Across South Africa, various educational institutions and training providers offer introductory courses in the principles of human resources management. For those readers interested in a career in HR, here's information on what those courses would cover.
1. Human Resources Management in South Africa
This section would cover the history of HR practices in SA. A fair amount of teaching time would be dedicated to understanding SA labour law and legislation such as the Labour Relations Act, Employment Equity Act and Basic Conditions of Employment Act.
2. Recruitment and Selection
In this section, learners are introduced to the recruitment process from CV screening to interviewing. Learners may also be introduced to employee induction to orientate new employees to an organisation.
3. Training and Development
This section considers how employees can be motivated through workplace skills programmes and development. Learners are introduced to training needs analysis and developing individual employee training plans. This section often leads on to managing work performance through the performance appraisal and career management processes.
4. Payroll Management
Payroll is often separated from other HR functions within organisations. Due to its close association with company finance, Payroll departments are often located within organisations' finance divisions.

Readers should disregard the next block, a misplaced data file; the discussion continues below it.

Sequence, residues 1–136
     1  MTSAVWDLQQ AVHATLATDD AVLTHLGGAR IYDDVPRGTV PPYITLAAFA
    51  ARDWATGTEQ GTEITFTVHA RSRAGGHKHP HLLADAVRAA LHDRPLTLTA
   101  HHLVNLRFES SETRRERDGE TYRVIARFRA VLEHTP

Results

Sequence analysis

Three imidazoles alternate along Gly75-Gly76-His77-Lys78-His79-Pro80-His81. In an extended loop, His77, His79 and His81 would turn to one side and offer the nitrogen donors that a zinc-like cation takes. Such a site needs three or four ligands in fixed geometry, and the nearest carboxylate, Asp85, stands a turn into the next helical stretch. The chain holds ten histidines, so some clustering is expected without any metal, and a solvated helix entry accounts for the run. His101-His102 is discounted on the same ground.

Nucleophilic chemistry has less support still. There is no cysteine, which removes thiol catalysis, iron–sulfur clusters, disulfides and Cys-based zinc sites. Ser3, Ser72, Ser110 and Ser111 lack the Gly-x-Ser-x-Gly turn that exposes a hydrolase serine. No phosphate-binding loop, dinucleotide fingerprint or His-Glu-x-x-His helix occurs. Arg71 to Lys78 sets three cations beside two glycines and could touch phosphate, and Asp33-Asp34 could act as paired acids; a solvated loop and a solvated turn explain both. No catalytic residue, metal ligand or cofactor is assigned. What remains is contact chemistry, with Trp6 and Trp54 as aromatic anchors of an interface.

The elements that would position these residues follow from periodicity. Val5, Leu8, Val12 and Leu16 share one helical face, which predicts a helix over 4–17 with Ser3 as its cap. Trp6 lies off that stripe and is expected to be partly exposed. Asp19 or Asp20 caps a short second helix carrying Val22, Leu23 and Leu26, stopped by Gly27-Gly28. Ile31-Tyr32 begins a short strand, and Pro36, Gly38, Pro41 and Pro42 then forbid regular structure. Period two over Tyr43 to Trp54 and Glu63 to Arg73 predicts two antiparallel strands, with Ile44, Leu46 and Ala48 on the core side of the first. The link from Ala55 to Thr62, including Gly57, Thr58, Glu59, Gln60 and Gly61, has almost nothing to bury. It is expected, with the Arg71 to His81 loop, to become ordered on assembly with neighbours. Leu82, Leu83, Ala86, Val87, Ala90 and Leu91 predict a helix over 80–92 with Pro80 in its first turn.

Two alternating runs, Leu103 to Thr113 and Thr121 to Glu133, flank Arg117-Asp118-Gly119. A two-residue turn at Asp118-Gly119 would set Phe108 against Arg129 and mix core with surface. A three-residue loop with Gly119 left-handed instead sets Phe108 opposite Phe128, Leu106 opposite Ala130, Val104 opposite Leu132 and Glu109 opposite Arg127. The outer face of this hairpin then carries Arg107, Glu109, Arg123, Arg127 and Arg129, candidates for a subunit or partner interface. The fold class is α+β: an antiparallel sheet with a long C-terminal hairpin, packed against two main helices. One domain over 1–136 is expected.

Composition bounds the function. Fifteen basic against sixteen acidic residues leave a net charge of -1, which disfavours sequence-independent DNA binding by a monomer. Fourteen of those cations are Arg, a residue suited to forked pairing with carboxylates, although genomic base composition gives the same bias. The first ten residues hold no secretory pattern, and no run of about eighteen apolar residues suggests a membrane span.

HR professionals still need to be aware of remunerating employees and the pay-scales and systems associated with remuneration. In an organisation, it is normally the HR officer who introduces new employees to company incentives and benefits schemes as part of retention management. Top talent is attracted by an organisation's employee benefits schemes.
Payroll management also involves job evaluations and job-grading in order to correctly remunerate employees for their experience and qualifications.
5. Industrial/Employee Relations
This section is closely linked to South African Labour Law. Learners will be introduced to disciplinary policies and procedures within organisations such as workplace attendance or sexual harrassment policies.
Industrial relations also covers legislation and practice around dispute resolution, collective bargaining and negotiation and industrial or strike action.
6. Employee Wellness, Health and Safety
Learners wanting a career in HR will also deal with work environment safety. For an organisation's human resources to effectively produce the goals of the organisation, HR includes employee health and wellbeing policies on various health-related topics e.g. HIV/AIDS, TB, substance abuse and dealing with traumas.
With the increased demand for key skills portrayed by a skills shortage in many areas of the South African economy, employee wellness has become a talent retention strategy that many more organisations are adopting to prevent employees from leaving.
A career in the field of HR also requires knowledge of HR IT systems. Novices are introduced to organisational HR systems and trained on-the-job. Furthermore, the novice HR professional will be introduced to HR administration.
As with many other functions in an organisation, HR does not escape its administrative load. The new HR professional would do well to apply a good filing system for documents such as interview schedules or CV's from job applicants. In this information age, most of these documents can be filed electronically on an organisation's main computer server.